# DEGREE REGULATIONS & PROGRAMMES OF STUDY 2024/2025

### Timetable information in the Course Catalogue may be subject to change.

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# Undergraduate Course: Advanced Methods of Applied Mathematics (MATH10086)

 School School of Mathematics College College of Science and Engineering Credit level (Normal year taken) SCQF Level 10 (Year 4 Undergraduate) Availability Available to all students SCQF Credits 20 ECTS Credits 10 Summary Our understanding of the fundamental processes of the natural world is based to a large extent on ordinary and partial differential equations (ODEs and PDEs). This course extends the study of ODEs and PDEs started in earlier courses by introducing several ideas and techniques that enable the construction of explicit exact or approximate solutions. Assessment is by assignments and final examination. Course description Integral transforms often provide solutions through integral representations. The integrals involved are nontrivial and need to be approximated using asymptotic expansions that take advantage of large or small parameters. The first part of the course discusses both integral transform methods and asymptotic techniques for the approximation of the resulting integrals. A second part introduces asymptotic techniques for the direct approximation of solution of ODEs. The final part of the course focuses on PDEs. It introduces important techniques for the solution of several classes of linear PDEs (heat and wave equation) and nonlinear PDEs (first-order). The concept of shock waves, familiar from supersonic flight and fluid flow, is introduced. The fitting of shock and expansion waves into the solution of nonlinear hyperbolic pde's is dealt with in detail. Examples are drawn from traffic flow, supersonic fluid flow and erosion. Part 1: Asymptotics and integral transforms. (1) integral transforms: Laplace and Fourier (partly revision) (2) asymptotic expansion: definitions and notations. (3) asymptotic methods for integrals: Watson's lemma, the Laplace method, saddle point method, method of stationary phase. Part 2: ODEs (4) regular and singular perturbations (5) WKB approximations: first approximations (6) boundary value problems: boundary layers Part 3: PDEs (7) first order PDEs: quasilinear, characteristics, shocks. (8) waves and diffusion (9) Green's functions (10) waves in space (11) eigenvalue problems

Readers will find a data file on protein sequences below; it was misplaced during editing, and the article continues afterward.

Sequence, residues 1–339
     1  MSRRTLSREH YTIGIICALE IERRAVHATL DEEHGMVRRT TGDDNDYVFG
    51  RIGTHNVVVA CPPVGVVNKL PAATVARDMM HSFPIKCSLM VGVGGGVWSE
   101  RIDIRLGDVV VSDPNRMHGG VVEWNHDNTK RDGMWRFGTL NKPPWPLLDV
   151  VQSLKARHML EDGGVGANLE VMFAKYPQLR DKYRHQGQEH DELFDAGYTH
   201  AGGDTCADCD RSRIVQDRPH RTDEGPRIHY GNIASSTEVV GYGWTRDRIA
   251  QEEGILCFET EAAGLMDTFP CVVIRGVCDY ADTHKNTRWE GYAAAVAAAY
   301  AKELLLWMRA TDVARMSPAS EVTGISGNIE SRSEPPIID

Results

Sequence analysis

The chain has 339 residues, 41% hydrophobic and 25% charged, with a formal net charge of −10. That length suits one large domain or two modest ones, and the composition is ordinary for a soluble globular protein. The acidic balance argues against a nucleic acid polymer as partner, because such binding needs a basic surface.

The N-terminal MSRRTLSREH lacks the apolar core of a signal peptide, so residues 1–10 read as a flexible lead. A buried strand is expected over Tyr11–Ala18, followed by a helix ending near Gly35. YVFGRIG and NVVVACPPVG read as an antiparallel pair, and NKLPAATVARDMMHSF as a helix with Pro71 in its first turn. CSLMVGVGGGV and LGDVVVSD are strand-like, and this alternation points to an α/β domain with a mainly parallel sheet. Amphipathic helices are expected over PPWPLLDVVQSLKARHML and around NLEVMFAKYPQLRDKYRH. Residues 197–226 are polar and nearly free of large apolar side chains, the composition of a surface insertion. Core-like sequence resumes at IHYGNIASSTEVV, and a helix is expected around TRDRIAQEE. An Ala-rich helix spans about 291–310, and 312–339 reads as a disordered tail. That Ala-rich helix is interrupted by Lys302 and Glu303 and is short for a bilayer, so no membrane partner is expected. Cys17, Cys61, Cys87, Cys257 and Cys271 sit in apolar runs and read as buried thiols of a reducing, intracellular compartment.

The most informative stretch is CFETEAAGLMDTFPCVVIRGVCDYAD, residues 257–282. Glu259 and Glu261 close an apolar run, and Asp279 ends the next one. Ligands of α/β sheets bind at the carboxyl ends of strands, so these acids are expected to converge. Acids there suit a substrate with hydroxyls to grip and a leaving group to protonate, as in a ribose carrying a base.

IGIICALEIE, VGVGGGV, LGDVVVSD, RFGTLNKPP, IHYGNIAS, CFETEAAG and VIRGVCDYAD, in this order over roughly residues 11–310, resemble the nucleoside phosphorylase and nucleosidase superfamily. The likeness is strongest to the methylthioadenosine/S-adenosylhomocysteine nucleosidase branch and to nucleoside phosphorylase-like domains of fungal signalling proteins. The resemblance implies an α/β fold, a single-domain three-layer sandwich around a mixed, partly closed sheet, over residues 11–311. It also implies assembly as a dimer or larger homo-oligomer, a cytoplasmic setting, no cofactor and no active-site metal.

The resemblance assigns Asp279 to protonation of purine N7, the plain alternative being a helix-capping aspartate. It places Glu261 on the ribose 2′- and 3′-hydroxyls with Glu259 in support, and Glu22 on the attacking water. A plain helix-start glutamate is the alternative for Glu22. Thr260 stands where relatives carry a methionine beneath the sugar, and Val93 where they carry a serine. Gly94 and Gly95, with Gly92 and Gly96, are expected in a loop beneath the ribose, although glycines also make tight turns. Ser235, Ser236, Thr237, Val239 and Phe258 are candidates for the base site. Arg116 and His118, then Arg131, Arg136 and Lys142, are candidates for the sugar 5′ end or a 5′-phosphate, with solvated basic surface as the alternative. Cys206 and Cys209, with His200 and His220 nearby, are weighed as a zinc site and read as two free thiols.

Pre-requisites Students MUST have passed: Honours Differential Equations (MATH10066) AND Honours Complex Variables (MATH10067) Co-requisites Prohibited Combinations Other requirements None
 Pre-requisites Visiting students are advised to check that they have studied the material covered in the syllabus of each prerequisite course before enrolling. High Demand Course? Yes
 Academic year 2024/25, Available to all students (SV1) Quota:  None Course Start Semester 2 Timetable Timetable Learning and Teaching activities (Further Info) Total Hours: 200 ( Lecture Hours 33, Seminar/Tutorial Hours 10, Summative Assessment Hours 3, Programme Level Learning and Teaching Hours 4, Directed Learning and Independent Learning Hours 150 ) Assessment (Further Info) Written Exam 80 %, Coursework 20 %, Practical Exam 0 % Additional Information (Assessment) Coursework 20%, Examination 80% Feedback Not entered Exam Information Exam Diet Paper Name Hours & Minutes Main Exam Diet S2 (April/May) 3:00
 On completion of this course, the student will be able to: Calculate the asymptotic expansion of integrals, including to higher order for simple integrals.Compute WKB approximations of second order ode's.Calculate the asymptotic solution of singularly perturbed ode's by the method of matched asymptotic expansions and boundary layers.Use the method of characteristics to solve first order nonlinear PDEs and the ability to fit shocks in such solutions.Solve the heat and wave equations using eigenfunction expansions, integral transforms and Green's functions.
 Books that could be helpful for this course are: J.P. Keener, Principles of Applied Mathematics, Transformation and Approximation, Addison-Wesley, Reading, Massachusetts (1988). G.F. Carrier, M. Krook and C.E. Pearson, Functions of a Complex Variable, McGraw-Hill, New York (1966). J. Kevorkian and J.D. Cole, Multiple Scale and Singular Perturbation Methods, Springer-Verlag (1996). G.B. Whitham, Linear and Nonlinear Waves, J. Wiley and Sons, New York (1974). J. Kevorkian, Partial Differential Equations, Brooks/Cole, Pacific Grove, California (1990). R. Haberman, Elementary Applied Partial Differential Equations with Fourier Series and Boundary Value Problems, Prentice-Hall, Englewood Cliffs, New Jersey (1983).
 Graduate Attributes and Skills Not entered Keywords AMAM
 Course organiser Prof Adri Olde-Daalhuis Tel: (0131 6)50 5992 Email: A.OldeDaalhuis@ed.ac.uk Course secretary Mrs Alison Fairgrieve Tel: (0131 6)50 5045 Email: Alison.Fairgrieve@ed.ac.uk
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